Thanksgiving means more than just family, friends and turkey followed by early morning Black Friday shopping. For me Thanksgiving means family, friends, and turkey followed by the rifle pop-up match at Camp Perry. This fun match benefits Friends of Camp Perry and is run by the Ohio Rifle and Pistol Association.
The CoF involves 40 pop-up targets from 50 to 300 yards. Excluding military and police I don’t know any other match that has reactive rifle targets. It’s a blast and I look forward to it all year long.
|Pop-up rifle range - Camp Perry|
The targets are half–size plastic humanoids. They are colored either blue or red to prevent accidental cross-over. You can choose your politics as you wish.
|Pop-up in its foxhole.|
This year the CoF was a little more difficult than previous years. All the pop-ups were either doubles or triples. Triples will stand up for 9 seconds while doubles will be visible for 5 seconds. The computer that controls the match puts 3 seconds between each group.
Scoring is either hit or miss and the computer detects the bullet passing through the plastic and takes the target down. It is by far the fastest and most fun rifle match I have ever shot.
There are no winners or losers. Your identity is simply your relay number and firing point. But you can learn a lot from the print-outs which detail the distance to the target and if you’ve hit or missed.
The Tactical Side
If you can consider the possibility that you might need to engage multiple targets to protect yourself or others, shooting paper or steel isn’t enough. I’m sorry, but it’s not. It’s the fixed nature of the targets that prevents you from maximizing your potential. Sure, Perry pop-up targets are located in specific locations, but you don’t know which ones will show up next.
There are several ways to shoot the match depending on your equipment. If you’re young and your eyesight is still crisp and eagle sharp, you can use iron sights. The rest of us need dots and scopes.
I’m shooting a 3x variable scope on an AR platform. The first thing I learned is higher power means you can see the 300 target easier, but the smaller field of view prevents me from seeing other closer targets in time to engage them. My scope only dials down to 3x, but 2x might be better as would a more expensive scope with large field of view.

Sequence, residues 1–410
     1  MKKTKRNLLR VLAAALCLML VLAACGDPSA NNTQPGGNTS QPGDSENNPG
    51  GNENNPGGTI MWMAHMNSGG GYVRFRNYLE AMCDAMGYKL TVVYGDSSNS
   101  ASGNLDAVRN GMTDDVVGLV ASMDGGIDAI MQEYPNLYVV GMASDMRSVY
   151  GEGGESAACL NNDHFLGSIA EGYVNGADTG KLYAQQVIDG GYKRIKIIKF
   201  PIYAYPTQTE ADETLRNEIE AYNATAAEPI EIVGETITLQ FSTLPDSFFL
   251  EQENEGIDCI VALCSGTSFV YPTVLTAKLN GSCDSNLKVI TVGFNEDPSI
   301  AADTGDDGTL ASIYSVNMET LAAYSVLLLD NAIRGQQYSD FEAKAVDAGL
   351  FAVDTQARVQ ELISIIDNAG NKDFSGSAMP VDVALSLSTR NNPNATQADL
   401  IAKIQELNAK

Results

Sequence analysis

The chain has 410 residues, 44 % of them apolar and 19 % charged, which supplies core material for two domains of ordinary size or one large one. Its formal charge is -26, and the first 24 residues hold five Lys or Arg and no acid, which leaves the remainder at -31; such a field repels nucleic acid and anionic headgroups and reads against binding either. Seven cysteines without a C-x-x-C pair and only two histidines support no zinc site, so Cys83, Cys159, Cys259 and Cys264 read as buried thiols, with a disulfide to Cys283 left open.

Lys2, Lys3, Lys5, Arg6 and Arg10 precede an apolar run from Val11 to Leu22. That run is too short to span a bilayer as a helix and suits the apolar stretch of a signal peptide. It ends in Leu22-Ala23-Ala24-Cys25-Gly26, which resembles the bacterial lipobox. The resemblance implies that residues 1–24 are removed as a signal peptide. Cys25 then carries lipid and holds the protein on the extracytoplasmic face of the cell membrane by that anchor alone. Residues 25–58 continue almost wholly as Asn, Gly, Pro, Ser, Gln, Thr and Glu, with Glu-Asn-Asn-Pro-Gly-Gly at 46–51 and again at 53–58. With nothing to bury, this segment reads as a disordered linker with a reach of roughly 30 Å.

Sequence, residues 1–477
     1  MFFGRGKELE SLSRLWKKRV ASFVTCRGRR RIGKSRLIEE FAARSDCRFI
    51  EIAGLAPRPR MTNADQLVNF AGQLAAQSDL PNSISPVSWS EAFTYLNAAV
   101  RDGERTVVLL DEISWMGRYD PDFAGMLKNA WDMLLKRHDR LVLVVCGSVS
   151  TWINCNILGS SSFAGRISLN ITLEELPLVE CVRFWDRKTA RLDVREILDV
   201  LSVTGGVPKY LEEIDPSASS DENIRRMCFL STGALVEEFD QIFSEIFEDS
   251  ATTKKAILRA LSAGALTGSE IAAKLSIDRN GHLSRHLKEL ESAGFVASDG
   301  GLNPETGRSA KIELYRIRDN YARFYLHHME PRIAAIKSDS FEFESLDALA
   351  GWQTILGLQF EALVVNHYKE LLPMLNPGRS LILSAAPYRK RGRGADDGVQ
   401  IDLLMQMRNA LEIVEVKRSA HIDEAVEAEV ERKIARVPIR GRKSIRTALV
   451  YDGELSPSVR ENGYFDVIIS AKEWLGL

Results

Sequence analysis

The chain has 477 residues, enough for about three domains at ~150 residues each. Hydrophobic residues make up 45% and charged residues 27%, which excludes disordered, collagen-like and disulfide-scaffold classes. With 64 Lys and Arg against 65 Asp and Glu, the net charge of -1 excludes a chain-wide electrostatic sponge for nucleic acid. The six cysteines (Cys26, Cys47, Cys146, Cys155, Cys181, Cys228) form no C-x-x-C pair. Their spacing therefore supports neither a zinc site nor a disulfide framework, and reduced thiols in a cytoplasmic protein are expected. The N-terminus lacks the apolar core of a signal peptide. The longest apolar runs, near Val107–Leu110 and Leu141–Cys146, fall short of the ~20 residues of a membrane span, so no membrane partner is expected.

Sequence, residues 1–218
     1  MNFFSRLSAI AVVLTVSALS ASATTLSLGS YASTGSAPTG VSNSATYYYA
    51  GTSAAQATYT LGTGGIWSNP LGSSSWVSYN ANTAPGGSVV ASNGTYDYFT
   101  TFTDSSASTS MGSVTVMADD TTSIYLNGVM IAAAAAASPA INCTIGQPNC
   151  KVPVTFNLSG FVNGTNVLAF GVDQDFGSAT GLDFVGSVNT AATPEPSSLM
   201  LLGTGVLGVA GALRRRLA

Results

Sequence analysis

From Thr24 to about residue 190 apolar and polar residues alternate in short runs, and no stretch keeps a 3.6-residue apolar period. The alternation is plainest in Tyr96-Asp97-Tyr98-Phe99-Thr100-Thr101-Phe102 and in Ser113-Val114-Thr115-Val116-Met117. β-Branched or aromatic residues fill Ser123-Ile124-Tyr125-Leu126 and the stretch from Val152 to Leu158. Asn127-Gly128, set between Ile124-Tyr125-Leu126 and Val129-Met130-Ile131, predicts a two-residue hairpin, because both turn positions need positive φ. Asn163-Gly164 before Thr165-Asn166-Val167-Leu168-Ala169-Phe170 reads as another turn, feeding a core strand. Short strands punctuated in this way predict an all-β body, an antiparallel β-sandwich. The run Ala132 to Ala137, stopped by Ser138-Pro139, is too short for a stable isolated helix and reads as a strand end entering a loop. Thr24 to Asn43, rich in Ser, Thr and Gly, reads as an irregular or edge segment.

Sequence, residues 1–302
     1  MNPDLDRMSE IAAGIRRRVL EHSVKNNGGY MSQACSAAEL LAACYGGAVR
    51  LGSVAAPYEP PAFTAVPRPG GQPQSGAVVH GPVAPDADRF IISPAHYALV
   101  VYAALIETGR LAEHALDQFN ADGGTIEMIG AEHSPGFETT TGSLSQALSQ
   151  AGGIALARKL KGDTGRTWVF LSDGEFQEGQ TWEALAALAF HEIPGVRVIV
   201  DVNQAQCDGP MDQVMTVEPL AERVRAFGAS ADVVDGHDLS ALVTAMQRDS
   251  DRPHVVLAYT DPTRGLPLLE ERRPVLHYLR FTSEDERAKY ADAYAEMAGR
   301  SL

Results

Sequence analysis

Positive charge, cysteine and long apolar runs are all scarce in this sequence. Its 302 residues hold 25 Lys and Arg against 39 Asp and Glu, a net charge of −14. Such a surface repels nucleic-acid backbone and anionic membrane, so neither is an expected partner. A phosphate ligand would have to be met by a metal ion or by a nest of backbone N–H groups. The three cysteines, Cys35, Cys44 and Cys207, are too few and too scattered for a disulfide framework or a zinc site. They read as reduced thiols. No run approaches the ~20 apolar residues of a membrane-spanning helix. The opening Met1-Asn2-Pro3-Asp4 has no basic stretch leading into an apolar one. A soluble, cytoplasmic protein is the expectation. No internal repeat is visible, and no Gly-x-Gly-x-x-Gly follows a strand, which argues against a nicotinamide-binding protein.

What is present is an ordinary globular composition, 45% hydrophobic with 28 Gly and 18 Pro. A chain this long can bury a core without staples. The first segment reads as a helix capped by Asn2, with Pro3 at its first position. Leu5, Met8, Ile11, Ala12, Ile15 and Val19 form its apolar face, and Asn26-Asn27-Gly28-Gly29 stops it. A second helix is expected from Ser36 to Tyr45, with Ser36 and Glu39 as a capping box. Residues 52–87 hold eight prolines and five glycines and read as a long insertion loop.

You don’t shoot with a spotter, so it’s easy to miss the 150 yard target on the other side of your shooting lane while engaging another at 300 yards. I can speculate that two shooters per lane, one with scope and other with a dot or iron sights, could very effectively control the lane as well as pick up the slack while the other reloaded. That sounds a little like a sniper team, doesn’t it?
Since only one shooter uses a lane at a time there are several options on order of engagement.
Tactical Only: Engage each group of targets from near to far. This makes several assumptions. They all have the same weapon, that the 300 yard guy isn’t shooting an RPG.
Easy First: Quickly shoot the nearest, allowing accuracy to slide in the favor of speed. The time you save is then used for the more difficult targets.
Hard First: The theory is take your time to hit the far one, then confident with the reassurance of your ability, speed into the easy one.
I Spy Method: Shoot the target closest to cross hairs when the targets pop up. Don’t waste time moving to the hard or easy target, just shoot what you see and then move to the next.
For me, I Spy worked the best.
The AR platform was the most common.
|With bells and whistles and a dot. Note the black rubber block provided for support.|
|Basic model - skill provided by the shooter|
I didn’t see any bolt action rifles this year.
The venerable M1-Garand was represented as was the M1 carbine and the civilian semi-auto version of the M14.
|M-14 - Note the shooting glove - slings aren't just for carrying.|
I saw both FN Scar and FN FAL.
|Mono or bi-pod - - Stability is king at 300 yards.|
The former Soviet Union was represented with at least one AK47-type rifle.
|AK set up as a scout rifle. Shooter told me this made it almost too easy.|
I’m sure I missed all the other possible semi-autos.
The Garand was seriously handicapped by the 8 round N-block and the difficulty of reloading.
|Garand in 30-06 8 N-blocks plus one in the rifle - Busy shooter|
The M1 carbine has a reputation of being inadequate for distant killing power. Still, in combat or in self-defense, a wounded man becomes a liability. Few people choose to be shot with any caliber.
Ability to pour fire into an area or target has always been significant. One can only wonder that a Minute Man with his musket would have thought of a lever action 30-30 or the doughboy with his M1903 examining an AK47.
Quite possibly the most tactical aspect of the Perry Pop-up Match is learning your limitations. And it’s fun too!
I hope to see you there next year!
For more information go to: http://www.friendsofcampperry.org/index.html